How Professional Passport is protecting contractors from the skims and the scams
With the latest reports around skimming in the umbrella industry, Crawford Temple, CEO of Professional Passport says transparency is crucial to routing out non-compliance.
Media reports around skimming and holiday pay as well as other unsavoury practices have hit the umbrella sector hard lately and even so-called compliant well-known brands are facing allegations that they have been duping contractors out of money that is due to them.
So, what has Professional Passport put in place to protect contractors?
Specifically on holiday pay, Professional Passport has worked with the main software providers in the market to ensure their reporting systems deliver clear information to workers on their holiday pay entitlement. Every time a worker receives their pay, they can see at a glance their holiday pay position and each report details any amount accrued in a given period, what has been paid in that period, and any balances carried forward. This initiative has served to benefit the whole sector, not just Professional Passport providers, and we encourage all providers to adopt the Professional Passport pay reporting style as the industry standard.
Many of the reports on holiday pay retention suggested that providers relied on contractual terms that were often not read or understood by the workers so that many workers were completely unaware that they had lost holiday pay entitlement. This was further supported by reports of providers seeking non-disclosure agreements with workers where they agreed to pay out-of-date holiday entitlement once they had been found out. All of this would seem to support the perception that something was not right; it might have been legal, but it was morally indefensible.
When it comes to any form of misconduct, whether withholding holiday pay or skimming money from workers, Professional Passport requires the highest levels of transparency to workers. If a worker has suffered any loss, and the agreed standards have been abused, then a provider would be suspended until all workers impacted have been identified and recompensed. Only then would Professional Passport consider reinstating a provider on its approved list.
Specifically, on holiday pay, Professional Passport requires all of its providers to write to all workers outlining holiday balances in their holiday fund prior to the ‘holiday year’ end and advise them how much is available, how to claim the amount, the consequences of not claiming, and how to request a concession to roll over the pay into the next holiday year. The vast majority of Professional Passport’s providers will either automatically pay it out in the last pay run or roll it over to the next year. This level of communication between the providers and the contractors is imperative.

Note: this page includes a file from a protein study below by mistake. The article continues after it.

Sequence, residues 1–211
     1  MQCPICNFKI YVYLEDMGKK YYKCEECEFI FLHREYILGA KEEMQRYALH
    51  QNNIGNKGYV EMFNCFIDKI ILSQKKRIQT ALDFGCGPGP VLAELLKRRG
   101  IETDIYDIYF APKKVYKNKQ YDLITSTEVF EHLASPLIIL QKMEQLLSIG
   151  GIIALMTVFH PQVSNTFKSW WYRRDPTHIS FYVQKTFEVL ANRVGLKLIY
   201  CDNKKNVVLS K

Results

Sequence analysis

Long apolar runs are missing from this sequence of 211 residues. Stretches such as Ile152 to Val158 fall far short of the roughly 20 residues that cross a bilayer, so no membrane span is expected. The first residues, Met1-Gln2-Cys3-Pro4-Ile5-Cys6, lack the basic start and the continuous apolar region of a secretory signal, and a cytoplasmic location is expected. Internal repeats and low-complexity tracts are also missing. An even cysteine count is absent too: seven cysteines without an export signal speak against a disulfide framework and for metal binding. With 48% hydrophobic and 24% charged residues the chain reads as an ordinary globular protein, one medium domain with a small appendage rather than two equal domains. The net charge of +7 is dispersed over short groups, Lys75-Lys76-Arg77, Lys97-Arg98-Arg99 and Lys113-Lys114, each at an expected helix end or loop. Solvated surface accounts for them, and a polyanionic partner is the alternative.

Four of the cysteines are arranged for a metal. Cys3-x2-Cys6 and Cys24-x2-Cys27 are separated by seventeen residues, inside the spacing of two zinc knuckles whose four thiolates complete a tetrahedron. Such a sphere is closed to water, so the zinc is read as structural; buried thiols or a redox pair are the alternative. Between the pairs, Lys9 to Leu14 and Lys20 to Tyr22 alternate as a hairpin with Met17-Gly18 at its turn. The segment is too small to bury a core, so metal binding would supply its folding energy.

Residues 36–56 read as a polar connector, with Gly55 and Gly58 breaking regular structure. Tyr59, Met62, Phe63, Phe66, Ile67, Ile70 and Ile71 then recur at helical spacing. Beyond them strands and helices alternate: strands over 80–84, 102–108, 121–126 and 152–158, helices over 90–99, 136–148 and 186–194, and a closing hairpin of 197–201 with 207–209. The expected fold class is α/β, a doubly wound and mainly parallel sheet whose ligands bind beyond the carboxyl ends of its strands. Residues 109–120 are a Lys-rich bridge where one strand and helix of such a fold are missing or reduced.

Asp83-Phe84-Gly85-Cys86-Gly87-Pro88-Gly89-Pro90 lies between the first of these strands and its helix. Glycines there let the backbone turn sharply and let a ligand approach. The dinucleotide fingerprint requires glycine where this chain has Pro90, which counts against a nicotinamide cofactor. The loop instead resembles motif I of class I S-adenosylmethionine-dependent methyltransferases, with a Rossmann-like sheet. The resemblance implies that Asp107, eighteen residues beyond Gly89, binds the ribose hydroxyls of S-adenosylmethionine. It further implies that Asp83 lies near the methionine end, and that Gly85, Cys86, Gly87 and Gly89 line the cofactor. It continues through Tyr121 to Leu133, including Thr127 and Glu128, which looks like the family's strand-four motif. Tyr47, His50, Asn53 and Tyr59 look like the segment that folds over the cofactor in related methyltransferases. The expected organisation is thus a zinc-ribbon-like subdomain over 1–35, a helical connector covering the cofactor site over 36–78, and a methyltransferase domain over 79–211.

Professional Passport also requires all its providers to automatically pay any holiday pay entitlement when a worker leaves.
Professional Passport’s terms also dictate that it has the power to approach the software companies and request reports to confirm that standards are being applied correctly. These reports do not hold any personally identifiable data but provide a clear audit trail of what has been accrued, what has been paid out and what has been rolled over to the next year. This unimpeded open-door access to key provider data covers many areas and sets standards way above anything else in the market.
Skimming has also been making the headlines lately. Put simply, skimming is where a company is not being entirely transparent with its workers on the charges that it applies. They market a charge to a worker, which most would assume to be the total cost to them for using that service, whilst at the same time applying other hidden costs that effectively amount to profit for the provider.
Skimming can take a number of forms but can only thrive and survive where a lack of transparency exists.
One common approach is where a provider has a payslip that summarises all employment costs into one line with a single total value. This would allow a provider to hide any additional charges within this summary and, without carrying out a full analysis and check of the payslip, the hidden costs are unlikely to emerge. Any provider who operates a single-line summary of employment costs should be asked to provide a full breakdown of the costs by either the contractor or recruitment company. A recruitment company recommending contractors to a provider operating these additional hidden charges risks damaging their own reputation when these emerge; even more so if the recruitment company is taking a commission from the provider for each worker.
On skimming, Professional Passport requires all accredited providers to disclose their margin and confirm that this is the only and total cost to the worker. They also have to confirm that all other statutory deductions are being applied at the correct levels with the correct thresholds applied. The pay reports should provide a clear and transparent breakdown of each of these costs for the worker to understand clearly. If a provider was found to be operating outside of these terms then once again they would have to identify all workers that had suffered any loss and recompense them before they would be considered to be reinstated on Professional Passport’s approved provider list.
For far too long, some umbrella firms have been concertedly and consciously conning their workers out of money that is rightfully theirs. The skimming and the scamming need to stop and the cowboys need to be challenged because they are giving the whole industry a bad name.